Dear Mom and Dad,
I miss you guys so much. I can’t believe you’ve been gone a year. It’s flown by and dragged in so many different ways. I’m almost done handling your estate… you guys suck for not having a will, by the way. What a pain! But some good has come from it – I’ve preached pretty heavily about the importance of a will to my friends, and actually convinced a few to get one. Their loved ones would thank you in advance, if they knew.
I hate how things ended for us. I hate that you guys are going to miss out on watching your grand kids grow up, I hate that I don’t have your advice to turn to. I’m glad I have the memories I do have, though. They comfort me when your loss hits me all over again.
I know you guys did the best you could do to raise us, I just wish you would have focused more on yourselves. There was obviously a lot of unspoken pain that had never been dealt with. On both your parts. It kind of breaks my heart, because while we saw glimpses of it I don’t think any of us really realized the full impact of what we were seeing. Of course, does anyone ever really understand? Hindsight being 20/20 and all of that.
Dad, do you remember the first anniversary of Grandma Marie’s death? It was May 2002 and I said something about it and you got so angry at me for bringing it up! It had only been one year, and I was still hurting. I wanted to talk about it, to heal, and you wouldn’t let me have my say. I think about that now and realize that you were hiding from the pain. I’m so sorry that I didn’t see that at the time. I’m not hiding from the pain of losing you, though, because it’s about time our family stopped repeating past mistakes.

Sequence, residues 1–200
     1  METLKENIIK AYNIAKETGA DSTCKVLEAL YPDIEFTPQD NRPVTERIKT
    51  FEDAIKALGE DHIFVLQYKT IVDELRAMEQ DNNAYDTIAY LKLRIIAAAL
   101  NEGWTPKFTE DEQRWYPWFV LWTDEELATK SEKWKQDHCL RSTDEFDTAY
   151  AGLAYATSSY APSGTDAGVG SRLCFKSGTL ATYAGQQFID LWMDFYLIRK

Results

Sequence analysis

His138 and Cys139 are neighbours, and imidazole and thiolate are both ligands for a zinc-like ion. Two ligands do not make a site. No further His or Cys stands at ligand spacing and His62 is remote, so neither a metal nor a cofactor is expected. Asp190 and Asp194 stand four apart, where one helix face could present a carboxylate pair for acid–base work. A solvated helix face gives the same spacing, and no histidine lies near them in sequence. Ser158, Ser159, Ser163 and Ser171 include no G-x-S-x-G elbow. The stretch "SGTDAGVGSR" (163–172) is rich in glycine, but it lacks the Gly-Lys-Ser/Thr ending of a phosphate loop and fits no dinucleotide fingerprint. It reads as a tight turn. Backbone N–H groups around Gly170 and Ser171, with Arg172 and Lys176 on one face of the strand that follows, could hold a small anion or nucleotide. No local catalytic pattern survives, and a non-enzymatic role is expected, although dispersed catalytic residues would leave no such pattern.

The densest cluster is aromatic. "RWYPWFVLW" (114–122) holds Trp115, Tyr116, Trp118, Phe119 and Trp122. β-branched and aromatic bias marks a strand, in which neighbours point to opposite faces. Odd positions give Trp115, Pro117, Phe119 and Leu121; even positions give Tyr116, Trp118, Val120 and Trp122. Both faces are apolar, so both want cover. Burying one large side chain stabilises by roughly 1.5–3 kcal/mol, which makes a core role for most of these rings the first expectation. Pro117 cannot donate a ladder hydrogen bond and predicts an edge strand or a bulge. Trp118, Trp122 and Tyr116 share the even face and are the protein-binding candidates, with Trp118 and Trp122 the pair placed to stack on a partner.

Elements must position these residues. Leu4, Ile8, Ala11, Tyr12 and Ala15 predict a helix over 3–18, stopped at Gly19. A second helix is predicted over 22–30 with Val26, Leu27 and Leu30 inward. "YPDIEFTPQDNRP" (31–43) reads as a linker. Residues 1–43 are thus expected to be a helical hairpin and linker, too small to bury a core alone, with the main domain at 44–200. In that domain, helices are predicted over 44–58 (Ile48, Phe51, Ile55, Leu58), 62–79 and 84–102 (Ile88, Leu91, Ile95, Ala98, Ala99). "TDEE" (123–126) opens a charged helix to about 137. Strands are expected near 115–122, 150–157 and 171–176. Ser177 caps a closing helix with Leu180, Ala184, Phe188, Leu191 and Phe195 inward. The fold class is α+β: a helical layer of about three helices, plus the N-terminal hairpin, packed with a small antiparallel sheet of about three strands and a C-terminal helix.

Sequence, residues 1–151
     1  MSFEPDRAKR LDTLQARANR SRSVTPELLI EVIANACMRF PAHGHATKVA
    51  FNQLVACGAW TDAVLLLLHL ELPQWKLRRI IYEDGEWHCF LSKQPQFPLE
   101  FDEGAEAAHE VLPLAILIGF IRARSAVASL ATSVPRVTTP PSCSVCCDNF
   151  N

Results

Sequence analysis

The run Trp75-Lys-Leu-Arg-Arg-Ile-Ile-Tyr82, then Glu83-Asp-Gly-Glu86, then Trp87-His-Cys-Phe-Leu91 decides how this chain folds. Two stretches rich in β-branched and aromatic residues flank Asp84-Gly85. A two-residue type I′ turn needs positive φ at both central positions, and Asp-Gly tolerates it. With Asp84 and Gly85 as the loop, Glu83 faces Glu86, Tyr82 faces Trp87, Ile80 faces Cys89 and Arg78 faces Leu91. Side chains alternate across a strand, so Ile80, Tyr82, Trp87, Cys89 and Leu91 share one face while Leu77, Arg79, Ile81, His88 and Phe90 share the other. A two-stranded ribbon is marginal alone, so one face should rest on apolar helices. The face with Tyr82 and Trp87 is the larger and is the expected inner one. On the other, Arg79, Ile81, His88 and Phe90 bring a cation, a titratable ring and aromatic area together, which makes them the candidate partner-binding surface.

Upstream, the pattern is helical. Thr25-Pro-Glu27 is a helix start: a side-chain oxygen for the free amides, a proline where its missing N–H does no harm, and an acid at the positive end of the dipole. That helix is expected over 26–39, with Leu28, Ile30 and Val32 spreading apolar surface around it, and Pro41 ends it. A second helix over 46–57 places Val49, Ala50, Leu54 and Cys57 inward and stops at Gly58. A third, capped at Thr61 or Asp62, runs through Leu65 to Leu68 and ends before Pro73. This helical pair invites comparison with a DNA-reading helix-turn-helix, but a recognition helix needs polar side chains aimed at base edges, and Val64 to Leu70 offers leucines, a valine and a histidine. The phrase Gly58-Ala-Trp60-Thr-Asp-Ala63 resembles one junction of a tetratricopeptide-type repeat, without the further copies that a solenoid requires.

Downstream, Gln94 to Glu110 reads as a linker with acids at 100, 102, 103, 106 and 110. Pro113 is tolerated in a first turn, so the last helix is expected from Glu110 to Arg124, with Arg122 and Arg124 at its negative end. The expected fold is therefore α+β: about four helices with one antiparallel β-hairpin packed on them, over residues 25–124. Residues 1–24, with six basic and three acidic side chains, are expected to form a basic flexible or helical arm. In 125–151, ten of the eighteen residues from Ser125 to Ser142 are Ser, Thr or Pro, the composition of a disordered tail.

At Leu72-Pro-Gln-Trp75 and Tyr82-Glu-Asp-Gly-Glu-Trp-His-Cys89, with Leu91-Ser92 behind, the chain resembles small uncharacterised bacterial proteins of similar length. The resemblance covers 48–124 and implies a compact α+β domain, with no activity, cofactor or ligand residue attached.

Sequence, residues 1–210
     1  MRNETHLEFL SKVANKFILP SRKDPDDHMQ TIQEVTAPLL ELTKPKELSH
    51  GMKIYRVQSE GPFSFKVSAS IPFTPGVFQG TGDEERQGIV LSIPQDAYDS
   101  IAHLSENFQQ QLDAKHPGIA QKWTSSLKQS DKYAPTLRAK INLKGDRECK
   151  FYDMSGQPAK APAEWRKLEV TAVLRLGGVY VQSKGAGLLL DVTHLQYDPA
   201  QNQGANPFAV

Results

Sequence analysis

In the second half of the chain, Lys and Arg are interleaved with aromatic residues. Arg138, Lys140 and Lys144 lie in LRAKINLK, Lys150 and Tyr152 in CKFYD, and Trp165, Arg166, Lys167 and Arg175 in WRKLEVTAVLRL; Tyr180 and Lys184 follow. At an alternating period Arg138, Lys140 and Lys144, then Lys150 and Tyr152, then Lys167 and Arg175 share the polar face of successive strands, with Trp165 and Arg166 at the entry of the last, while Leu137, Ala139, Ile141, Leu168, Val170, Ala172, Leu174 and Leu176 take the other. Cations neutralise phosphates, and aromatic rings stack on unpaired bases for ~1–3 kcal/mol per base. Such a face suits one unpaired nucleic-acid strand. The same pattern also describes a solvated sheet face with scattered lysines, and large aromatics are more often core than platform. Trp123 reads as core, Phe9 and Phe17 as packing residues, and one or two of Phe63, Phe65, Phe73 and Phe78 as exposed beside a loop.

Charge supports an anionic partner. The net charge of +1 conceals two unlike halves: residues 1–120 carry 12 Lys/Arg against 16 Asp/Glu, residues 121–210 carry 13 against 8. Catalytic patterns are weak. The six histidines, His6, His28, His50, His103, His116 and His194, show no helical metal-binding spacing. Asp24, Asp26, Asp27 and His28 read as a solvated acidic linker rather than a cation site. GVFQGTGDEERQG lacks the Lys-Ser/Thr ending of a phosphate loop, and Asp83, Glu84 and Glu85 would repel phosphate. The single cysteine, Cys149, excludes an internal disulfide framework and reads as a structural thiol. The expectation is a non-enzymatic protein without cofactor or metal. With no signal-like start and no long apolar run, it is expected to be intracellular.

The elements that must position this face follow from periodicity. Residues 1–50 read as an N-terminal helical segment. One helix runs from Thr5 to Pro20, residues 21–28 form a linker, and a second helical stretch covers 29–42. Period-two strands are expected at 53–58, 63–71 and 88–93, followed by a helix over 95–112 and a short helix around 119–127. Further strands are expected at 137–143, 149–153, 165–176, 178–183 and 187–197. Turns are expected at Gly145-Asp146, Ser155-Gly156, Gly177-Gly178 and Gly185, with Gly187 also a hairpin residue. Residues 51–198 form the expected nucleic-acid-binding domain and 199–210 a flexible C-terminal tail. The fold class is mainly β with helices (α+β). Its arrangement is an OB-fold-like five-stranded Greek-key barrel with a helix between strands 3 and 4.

Mom, remember the way your face crumpled up when you got the phone call that Nanny died? I remember the way your voice broke and you wailed. I did the same thing when I lost you. I know it’s not fair to say I miss one of you more than the other, but if I’m honest then I miss you most of all. I can’t call you while I’m in the store anymore and tell you about my day. I miss the way you laughed and the joy that you made me feel.
Mom and Dad, not a day goes by that it doesn’t hurt me that you’re gone. I think about the amazing things in my life that are coming up and I mourn your absence. I wish you could still be here. It’s only been a year and it feels like yesterday and a million years ago that you were here hugging me, telling me you love me.
I love you too.